But environmental activists made rejection of the project a litmus test of the president’s climate-change credentials. The State Department’s official Record of Decision reasoned that permitting the pipeline to proceed would “undermine U.S. climate leadership” because “the of the international community” — contrary to the administration’s own findings — was that the pipeline would increase greenhouse-gas emissions. Permitting construction would “undercut the credibility and influence of the United States” in negotiating with other countries, including at the coming Paris climate conference.

In other words, environmentalism won out over reason and history. She pointed out that using those concerns as the basis for rejecting Keystone is not allowed under the U.S. Constitution: “The president can exercise only powers granted by a statute or the Constitution. The administration acknowledged that no statute supports its action. Nor does the Constitution.” (In actuality, of course, statutes must also be based on the enumerated powers of the Constitution, since Congress may not enact any law it chooses but may only enact those laws that are constitutional.)

She added:

No president before has prohibited construction of a major infrastructure project affecting such extensive domestic and international commerce. Nor has any president ever claimed the power to block cross-border trade [in order] to enhance his negotiating power abroad.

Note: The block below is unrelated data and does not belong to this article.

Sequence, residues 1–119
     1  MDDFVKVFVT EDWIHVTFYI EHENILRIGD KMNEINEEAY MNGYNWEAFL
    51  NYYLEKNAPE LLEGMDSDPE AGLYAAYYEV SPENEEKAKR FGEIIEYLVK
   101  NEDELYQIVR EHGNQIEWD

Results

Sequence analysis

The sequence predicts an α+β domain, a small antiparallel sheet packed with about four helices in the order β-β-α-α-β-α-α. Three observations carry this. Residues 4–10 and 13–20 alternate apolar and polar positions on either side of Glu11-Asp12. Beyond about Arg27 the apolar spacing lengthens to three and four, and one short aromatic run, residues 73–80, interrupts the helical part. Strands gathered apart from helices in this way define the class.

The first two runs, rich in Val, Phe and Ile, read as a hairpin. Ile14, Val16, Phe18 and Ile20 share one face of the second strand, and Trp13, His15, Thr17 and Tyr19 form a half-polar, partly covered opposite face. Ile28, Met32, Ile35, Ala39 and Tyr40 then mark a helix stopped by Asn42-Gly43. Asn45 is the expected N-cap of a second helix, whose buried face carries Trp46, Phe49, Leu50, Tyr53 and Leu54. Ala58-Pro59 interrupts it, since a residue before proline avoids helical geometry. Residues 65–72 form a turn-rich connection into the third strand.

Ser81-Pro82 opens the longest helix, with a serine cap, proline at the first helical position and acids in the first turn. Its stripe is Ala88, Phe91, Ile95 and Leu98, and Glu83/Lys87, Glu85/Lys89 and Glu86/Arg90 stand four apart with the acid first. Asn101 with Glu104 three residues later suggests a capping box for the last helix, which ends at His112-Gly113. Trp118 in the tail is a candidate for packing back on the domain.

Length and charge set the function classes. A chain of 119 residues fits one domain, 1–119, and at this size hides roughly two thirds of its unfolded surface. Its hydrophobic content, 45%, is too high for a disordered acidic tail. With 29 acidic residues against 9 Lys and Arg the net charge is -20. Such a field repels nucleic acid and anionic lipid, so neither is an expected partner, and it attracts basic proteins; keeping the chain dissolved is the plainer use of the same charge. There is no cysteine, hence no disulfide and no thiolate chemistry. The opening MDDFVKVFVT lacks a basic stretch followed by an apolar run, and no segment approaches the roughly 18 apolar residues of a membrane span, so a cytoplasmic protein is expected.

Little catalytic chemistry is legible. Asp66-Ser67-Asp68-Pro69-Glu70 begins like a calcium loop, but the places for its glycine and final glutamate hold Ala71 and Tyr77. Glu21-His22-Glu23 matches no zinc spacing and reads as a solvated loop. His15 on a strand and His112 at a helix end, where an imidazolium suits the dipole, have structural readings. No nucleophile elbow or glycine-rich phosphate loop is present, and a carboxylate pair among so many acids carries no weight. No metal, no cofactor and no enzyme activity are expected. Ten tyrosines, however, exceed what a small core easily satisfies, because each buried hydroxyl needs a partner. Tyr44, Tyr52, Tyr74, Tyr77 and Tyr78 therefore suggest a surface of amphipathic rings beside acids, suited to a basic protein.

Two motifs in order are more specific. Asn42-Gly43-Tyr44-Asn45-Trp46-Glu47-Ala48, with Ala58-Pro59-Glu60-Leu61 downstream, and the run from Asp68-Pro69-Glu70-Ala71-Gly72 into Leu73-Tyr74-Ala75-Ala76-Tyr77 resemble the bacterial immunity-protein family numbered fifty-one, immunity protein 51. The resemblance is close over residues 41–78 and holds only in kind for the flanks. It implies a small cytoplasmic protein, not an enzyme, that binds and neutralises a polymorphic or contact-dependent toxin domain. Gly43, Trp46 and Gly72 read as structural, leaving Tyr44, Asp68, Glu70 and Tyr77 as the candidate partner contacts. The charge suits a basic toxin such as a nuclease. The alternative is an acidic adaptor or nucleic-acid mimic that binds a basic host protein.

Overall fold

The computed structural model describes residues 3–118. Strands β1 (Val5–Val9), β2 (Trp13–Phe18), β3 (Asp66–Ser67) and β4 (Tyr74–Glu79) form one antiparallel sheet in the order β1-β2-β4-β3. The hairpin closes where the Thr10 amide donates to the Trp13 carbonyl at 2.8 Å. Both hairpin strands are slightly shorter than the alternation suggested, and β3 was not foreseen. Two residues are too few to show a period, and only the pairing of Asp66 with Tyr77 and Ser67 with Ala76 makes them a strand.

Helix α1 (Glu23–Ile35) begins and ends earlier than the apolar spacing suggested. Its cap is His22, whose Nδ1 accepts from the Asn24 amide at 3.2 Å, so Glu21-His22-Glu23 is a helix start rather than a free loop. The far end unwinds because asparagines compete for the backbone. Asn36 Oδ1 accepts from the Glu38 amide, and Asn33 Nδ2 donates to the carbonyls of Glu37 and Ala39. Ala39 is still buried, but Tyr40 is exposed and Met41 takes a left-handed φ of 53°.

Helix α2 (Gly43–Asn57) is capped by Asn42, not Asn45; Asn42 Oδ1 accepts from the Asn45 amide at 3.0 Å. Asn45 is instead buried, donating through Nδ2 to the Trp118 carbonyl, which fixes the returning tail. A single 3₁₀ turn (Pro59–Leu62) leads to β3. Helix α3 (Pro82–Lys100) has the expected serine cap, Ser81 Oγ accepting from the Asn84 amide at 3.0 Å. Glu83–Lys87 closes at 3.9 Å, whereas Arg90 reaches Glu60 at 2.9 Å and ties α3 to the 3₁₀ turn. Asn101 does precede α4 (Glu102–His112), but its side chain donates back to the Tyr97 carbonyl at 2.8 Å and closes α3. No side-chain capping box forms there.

If her company’s lawsuit fails and the Keystone rejection is allowed to stand, she wrote that it will “call into question the entire process for cross-border facility approvals. It strongly suggests that investing in the U.S. is subject to a level of ‘sovereign risk’ usually associated with far less developed countries.”

Richard Grimmett, a specialist in such matters working at the U.S. State Department, wrote in 1999 that the issue is far more complex than that suggested by Delkus: “The United States Constitution divides foreign policy powers between the President and the Congress so that both share in the making of foreign policy … making foreign policy is a complex process and … the support of both branches is required for a strong and effective U.S. foreign policy.”

After reviewing the NAFTA lawsuit (the other one filed last week by TransCanada), the Washington Post concluded that TransCanada’s case is so strong that the administration just might lose. Such a decision would cost the U.S. taxpayer $15 billion, the amount sought by TransCanada to recoup its losses in promoting the project over the last seven years as well as losses of potential profits had the project been allowed to be completed.

With most Republican candidates supporting the Keystone XL pipeline project, there is the chance that the decision could be reversed in the event that a Republican wins the presidential election. With Republican majorities in both the House and the Senate (far from certain), that “complex process” could be simplified, at least in the case of Keystone.

One benefit emanating from the lawsuit is increased conversation about just how much power and authority the president has to act on his own, just in time not only for the anticipated “audacious executive actions” promised by ’s chief of staff but also in time for the presidential election when more people are paying attention.